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Sonscreen 2024: Bridging Faith, Tough Topics, and the Power of Film

A Hispanic man stands in front of a screen reading "Sonscreen Film Festival." An audience can faintly be seen in a darkened room.

Julio C. Muñoz, Sonscreen Film Festival executive director and associate director, NAD communication, addresses the crowd at the 2024 festival, held from April 4 to 6 in Loma Linda, California. Photo: Pieter Damsteegt

A cluttered, garbage-strewn room. A broken man battling drugs and alcohol, haunted by his father’s death by suicide. Church as a site of both hurt and healing.

These are a few provocative scenes from “Refuse,” the first film shown at Soncreen, the North American Division’s (NAD) 22nd annual film festival for young Christian filmmakers. Embedded within the hard-hitting, faith-based horror film was the message that love can cast our demons. “Refuse” was one of seven professional films, which included an Academy Award®-winning movie, screened alongside 40 student films, at Loma Linda University Church in California from April 4 to 6, 2024.

Sonscreen leaders set the tone for inclusion and respect from day one. “Sonscreen is a safe space where you can share your creative voice and talk about challenging issues,” said Julio C. Muñoz, Sonscreen executive director and NAD associate communication director. He added that regardless of background or worldview, “You are welcome here. You belong here.”

In his session, "Refuse" actor, writer, and director Kenneth Chang stressed, “If there’s one place you can be totally fearless, it’s in storytelling.” After the screening and Q&A, Chang, a pastor educated at Fuller Seminary, spent time talking with student filmmakers. This was a trend each professional filmmaker followed at this year's event — in addition to scheduled times for engagement.

Sonscreen provided several networking and professional development opportunities, including career talks from seasoned filmmakers and a new “luncheon with a professional.” The third annual pitch competition offered emerging filmmakers funding for projects.

The festival concluded with a highly anticipated reception and awards ceremony, where 13 students awards were distributed as attendees cheered on their peers. Student films were recognized across six categories — dramatic short, documentary short, comedy short, art/experimental, animated short, high school short, and an audience choice award.

Additional awards included the brand new “emerging voice award” and the Sonscreen vision award,” presented for the first time since 2019. And while the jury has, in past years, honored a film with a special award, this year’s festival presented four separate special jury awards for achievement in archival research, creative storytelling, visual style, and writing. Juror and screenwriter Ryan Dixon announced the special jury awards during the ceremony and explained that the jury members felt compelled to present the additional awards due to the high quality of student work.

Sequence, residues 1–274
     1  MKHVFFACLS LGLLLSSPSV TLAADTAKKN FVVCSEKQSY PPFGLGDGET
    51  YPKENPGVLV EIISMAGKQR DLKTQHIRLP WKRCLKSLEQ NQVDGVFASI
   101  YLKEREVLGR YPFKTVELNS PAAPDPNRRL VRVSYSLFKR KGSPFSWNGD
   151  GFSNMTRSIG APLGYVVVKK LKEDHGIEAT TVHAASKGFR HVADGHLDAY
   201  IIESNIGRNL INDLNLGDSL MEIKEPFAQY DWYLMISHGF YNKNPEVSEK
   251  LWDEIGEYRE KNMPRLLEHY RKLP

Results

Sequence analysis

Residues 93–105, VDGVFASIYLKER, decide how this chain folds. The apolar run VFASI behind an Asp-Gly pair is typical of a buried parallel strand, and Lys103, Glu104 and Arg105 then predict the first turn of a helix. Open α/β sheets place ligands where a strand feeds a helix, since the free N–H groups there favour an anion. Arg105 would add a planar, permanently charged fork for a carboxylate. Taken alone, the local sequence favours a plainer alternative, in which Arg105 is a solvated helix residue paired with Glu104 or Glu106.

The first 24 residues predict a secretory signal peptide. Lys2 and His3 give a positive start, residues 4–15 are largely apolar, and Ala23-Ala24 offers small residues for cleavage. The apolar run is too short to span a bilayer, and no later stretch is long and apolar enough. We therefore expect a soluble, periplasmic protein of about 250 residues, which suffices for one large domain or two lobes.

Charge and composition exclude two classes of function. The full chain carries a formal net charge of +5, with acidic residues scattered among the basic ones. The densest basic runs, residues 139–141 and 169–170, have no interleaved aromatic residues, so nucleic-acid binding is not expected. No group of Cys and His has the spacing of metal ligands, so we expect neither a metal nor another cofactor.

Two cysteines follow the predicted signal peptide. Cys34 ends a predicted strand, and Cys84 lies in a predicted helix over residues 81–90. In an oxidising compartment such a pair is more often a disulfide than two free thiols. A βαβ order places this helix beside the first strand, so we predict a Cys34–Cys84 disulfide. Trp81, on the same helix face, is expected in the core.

A brown man with curly hair holds an award that looks like a film reel and speaks into a microphone, emotional.

The "Sonscreen Vision Award" went to Rajeev Sigamoney, Pacific Union College’s (PUC) visual arts department chair, for his contributions to Sonscreen over the last 22+ years. Photo: Art Brondo

The night’s final prize, the “Sonscreen Vision Award,” also new, was given to Rajeev Sigamoney, Pacific Union College’s (PUC) visual arts department chair, for his support of Sonscreen from its inception (read more here). A tearful Sigamoney praised Sonscreen for supporting projects such as “The Record Keeper” and providing him and other artists of faith a sense of community. He also thanked the current organizers, including Muñoz, festival associate director Rachel Scribner, festival producer Tanya Musgrave, and NAD communication director Kimberly Luste Maran.

“We love you, Rajeev!” a PUC student shouted, Sigamoney’s students swarming him as he ended his short acceptance speech..

Schools represented in person included Andrews University, Hinsdale Academy, La Sierra University, Oakwood University, Pacific Union College, Southern Adventist University, Walla Walla University, and Richmond Academy. Point Loma Nazarene University, a Christian liberal arts college in San Diego, California, also had an official entry.

Jacob Capiña, the “Emerging Voice Award” winner, was an outlier as his academy, Hinsdale, does not have a film program. He especially appreciated being able to share thoughts and ideas with filmmaking peers. “This networking opportunity for people like us in the Adventist world has been impactful for me,” he stated.

Films Cover the Gamut of Human Experience